The topic of conversation came around to the education of consumers in terms of what it takes to bring something like this to the table. You can walk into any grocery store and pick up a 6 dollar chicken, but through the process of procuring my own, I decided that I can’t in good conscience buy one. Granted, with volume comes ways to save money, but coupled with genetic engineering/large scale crossbreeding, it’s not a decision that was made with the customer in mind. Solely a business move, the idea behind the Cobb 500 was to maximize profits while moving commodities through the machine at a clip as fast as can be processed by human or machine.

So I come back to work, as I mentioned before, conflicted. Although we offer some higher end varieties of meat products, it’s the price point for most that steers them away from buying a pasture raised chicken. As we as employees are given the autonomy to promote sustainable practices and the highest quality food that the market will dictate, we’re allowed to tell the story and sample anything. Lately, I’ve been into telling the story of our pasture raised chickens, and encouraging people to try them as a whole bird rather than simply as a boneless, skinless option. They’re leaner than a conventional broiler, sometimes weighing in at 2.5-3# as opposed to 3.5-4. They’re still broadbreasted, so they look a little different than the chickens we ate down on the farm, but the taste is on the way back to what a good bird should taste like.

A beauty, ready to go

A beauty, ready to go

***

Two and a half days after butchering our chickens, we all gathered around the table for dinner. There was a giant bowl of mashed potatoes from the co-op, a green salad, and two platters full of half chickens that had been smoked on the grill. As opposed to your regulation size birds with the big boobs and bulbous thighs and drumsticks, these halves filled a plate with a little bit of spillover onto the placemat. Lean, long legs and a clean thin bit of breast meat, and a skin that was crispy with a flavor that was more than fat. The meat was moist and deceptively tender for how little fat was on these birds. The conversation died down, surprisingly after the weekend we’d had, and had I been listening, I would have only heard the odd lipsmacks and chompachompchomps of people enjoying a dinner. Together. The potatoes didn’t come out of a box. We had some leftover gravy from the last night’s turkey dinner. The dressing was, in fact, made in house, and was delicious. The chicken was amazing, not just for its flavor, but because I finally got to see and begin to understand what it means to work hard to put dinner on the table. Everything was how it should be.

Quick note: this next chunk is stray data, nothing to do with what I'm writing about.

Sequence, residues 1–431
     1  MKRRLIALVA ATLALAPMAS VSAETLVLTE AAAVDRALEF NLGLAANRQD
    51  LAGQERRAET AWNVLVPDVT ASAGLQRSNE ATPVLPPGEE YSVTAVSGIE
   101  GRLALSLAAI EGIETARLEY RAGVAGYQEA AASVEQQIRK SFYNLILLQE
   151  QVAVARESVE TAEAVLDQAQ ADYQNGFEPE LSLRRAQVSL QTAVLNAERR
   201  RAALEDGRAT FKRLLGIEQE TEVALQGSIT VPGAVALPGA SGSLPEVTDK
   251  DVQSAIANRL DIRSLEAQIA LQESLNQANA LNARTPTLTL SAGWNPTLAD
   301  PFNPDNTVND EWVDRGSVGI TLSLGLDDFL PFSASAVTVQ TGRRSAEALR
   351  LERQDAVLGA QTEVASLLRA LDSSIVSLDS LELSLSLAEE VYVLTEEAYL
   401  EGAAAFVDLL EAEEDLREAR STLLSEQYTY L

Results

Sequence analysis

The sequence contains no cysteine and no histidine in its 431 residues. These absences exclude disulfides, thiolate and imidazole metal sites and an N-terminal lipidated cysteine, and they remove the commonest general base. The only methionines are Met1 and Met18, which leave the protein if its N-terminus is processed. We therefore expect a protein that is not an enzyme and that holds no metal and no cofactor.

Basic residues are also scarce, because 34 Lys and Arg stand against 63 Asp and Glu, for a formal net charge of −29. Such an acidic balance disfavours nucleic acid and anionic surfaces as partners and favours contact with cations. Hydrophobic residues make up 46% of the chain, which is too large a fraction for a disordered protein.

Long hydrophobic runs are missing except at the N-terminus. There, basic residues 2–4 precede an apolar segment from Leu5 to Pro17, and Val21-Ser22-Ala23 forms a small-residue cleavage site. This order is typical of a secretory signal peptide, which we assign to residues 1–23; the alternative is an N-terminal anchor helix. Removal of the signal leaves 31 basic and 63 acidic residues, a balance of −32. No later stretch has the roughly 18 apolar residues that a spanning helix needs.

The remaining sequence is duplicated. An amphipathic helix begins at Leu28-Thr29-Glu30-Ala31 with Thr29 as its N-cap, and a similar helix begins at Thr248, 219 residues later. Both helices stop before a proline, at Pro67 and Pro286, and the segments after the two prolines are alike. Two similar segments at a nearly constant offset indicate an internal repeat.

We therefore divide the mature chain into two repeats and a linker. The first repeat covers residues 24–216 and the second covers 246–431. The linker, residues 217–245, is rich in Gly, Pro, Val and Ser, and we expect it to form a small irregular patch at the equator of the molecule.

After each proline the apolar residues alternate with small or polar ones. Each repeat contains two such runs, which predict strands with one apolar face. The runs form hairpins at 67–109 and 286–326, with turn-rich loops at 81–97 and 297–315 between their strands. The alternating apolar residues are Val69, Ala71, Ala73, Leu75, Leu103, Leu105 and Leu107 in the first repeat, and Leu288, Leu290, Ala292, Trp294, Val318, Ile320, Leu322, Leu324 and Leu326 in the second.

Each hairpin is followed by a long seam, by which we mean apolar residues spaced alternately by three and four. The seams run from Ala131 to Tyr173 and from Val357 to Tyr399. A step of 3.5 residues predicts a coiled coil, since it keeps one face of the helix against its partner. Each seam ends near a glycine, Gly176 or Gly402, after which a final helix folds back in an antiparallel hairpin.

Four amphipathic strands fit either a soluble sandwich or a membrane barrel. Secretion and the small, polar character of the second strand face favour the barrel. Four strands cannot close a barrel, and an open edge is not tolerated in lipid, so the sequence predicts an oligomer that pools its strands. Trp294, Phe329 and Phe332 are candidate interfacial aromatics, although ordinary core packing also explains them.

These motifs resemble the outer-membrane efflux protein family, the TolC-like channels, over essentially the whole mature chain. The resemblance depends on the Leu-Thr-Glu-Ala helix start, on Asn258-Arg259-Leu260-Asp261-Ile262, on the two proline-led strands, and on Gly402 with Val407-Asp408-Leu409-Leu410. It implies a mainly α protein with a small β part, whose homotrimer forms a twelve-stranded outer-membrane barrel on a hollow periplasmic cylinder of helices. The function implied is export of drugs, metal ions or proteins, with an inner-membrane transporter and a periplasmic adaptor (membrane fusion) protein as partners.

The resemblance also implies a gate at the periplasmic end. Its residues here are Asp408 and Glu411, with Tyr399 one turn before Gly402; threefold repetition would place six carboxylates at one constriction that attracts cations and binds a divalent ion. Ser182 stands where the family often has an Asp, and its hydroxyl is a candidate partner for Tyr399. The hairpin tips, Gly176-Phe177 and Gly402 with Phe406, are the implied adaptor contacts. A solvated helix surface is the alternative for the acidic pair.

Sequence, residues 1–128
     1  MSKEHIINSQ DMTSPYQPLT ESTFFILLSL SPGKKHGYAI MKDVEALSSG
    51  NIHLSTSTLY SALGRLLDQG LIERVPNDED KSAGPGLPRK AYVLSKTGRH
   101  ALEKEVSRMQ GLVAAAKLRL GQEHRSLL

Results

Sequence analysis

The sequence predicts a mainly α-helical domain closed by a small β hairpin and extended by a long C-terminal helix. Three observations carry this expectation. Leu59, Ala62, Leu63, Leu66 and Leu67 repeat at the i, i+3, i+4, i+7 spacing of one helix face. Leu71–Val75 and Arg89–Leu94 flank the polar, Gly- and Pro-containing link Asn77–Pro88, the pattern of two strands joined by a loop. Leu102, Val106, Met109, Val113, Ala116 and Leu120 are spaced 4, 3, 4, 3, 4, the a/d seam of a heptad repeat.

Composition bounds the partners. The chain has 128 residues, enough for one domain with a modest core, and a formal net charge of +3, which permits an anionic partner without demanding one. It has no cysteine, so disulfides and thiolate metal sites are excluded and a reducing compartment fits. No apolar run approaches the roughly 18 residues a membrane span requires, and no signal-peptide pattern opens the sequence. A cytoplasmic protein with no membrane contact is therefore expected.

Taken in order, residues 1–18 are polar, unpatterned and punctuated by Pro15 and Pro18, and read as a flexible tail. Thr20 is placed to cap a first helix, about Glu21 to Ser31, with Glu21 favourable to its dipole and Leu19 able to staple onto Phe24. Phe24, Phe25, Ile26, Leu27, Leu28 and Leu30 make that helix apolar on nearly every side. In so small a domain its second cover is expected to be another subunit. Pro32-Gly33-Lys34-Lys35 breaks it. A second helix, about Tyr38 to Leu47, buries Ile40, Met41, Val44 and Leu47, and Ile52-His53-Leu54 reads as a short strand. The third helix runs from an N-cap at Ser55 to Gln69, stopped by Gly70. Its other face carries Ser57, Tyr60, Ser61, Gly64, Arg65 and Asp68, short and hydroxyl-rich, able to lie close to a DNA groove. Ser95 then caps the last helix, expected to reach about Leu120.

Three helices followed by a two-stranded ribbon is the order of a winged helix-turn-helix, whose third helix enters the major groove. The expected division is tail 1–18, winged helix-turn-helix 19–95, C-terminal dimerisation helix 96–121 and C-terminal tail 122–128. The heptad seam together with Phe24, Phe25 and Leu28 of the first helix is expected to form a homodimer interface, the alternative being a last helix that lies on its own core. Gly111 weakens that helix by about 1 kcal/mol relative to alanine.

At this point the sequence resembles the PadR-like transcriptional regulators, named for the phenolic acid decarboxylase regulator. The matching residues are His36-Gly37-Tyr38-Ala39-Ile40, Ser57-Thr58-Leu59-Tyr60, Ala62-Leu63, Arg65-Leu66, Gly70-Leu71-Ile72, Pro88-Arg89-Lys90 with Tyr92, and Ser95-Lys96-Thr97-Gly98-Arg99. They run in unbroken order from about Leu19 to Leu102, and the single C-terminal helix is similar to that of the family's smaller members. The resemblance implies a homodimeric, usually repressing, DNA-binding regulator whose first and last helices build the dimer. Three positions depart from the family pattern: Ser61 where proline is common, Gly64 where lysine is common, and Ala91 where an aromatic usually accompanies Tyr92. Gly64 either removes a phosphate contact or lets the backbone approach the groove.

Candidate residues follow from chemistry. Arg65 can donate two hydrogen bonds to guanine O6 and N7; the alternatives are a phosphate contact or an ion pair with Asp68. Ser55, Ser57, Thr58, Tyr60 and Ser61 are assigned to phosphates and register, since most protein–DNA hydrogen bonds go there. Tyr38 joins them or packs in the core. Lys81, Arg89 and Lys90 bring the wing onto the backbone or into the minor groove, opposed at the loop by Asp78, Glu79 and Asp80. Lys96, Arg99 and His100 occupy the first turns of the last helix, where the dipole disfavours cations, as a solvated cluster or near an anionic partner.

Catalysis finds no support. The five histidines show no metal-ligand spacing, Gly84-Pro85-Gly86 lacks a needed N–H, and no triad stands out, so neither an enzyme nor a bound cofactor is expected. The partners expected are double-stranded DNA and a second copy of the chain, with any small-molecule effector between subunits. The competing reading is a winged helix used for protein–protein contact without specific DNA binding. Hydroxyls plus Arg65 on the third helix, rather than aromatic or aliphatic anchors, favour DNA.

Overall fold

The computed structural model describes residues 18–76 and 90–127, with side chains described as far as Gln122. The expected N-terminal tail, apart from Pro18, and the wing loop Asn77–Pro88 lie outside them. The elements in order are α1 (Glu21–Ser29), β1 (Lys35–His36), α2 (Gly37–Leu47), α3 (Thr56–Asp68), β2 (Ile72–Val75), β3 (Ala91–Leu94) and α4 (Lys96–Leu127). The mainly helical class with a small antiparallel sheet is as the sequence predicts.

***

I’ve wrestled with a lot of the words and thoughts over the week and a half since I went for a visit to the chicken farm. I didn’t want to make it seem like I took anything lightly, so I ran a lot of my thoughts by my friend, who had this to say. I think it sums it up nicely.

 

All I wanted to offer was the opportunity… It’s a hard thing to witness and a hard thing to do. But it does add to one’s understanding, doesn’t it? You already “knew” what is involved, but now you KNOW, and there is a difference.

The day before, I’d started a no knead bread recipe, as it’s the easiest bread that I can make that doesn’t test my patience. I’d gotten some sunflower seeds from work, and added a little bit of pumpkinseed oil to the mix. The bit of sugar from the oil and seeds, in addition to the perfect bread rising temperature inside the apartment, leavened the bread to more than double size faster than anticipated. Into the oven on the hot day it went, as did a flatbread with caramelized onions and chickpea flour. A little tomato sauce topped the flatbread, and it was set aside for cutting into wedges after cooling.

***

Another thing I’d started the night before was the dessert. A big hit with everyone, and one again something that requires surprisingly little technical effort, is a profiterole. I made a choux pastry with eggs, flour, water, and butter. Half of it was given the sweet treatment, to be served with cherries reduced in a bottle of Coca Cola. To the other half, I added grated cheddar for savory gougeres. As the time ticked closer to service, I realized that cherries and cream puffs wouldn’t be enough, so I set out with a recipe for a simple semifreddo, semifrozen ice cream. No churning needed.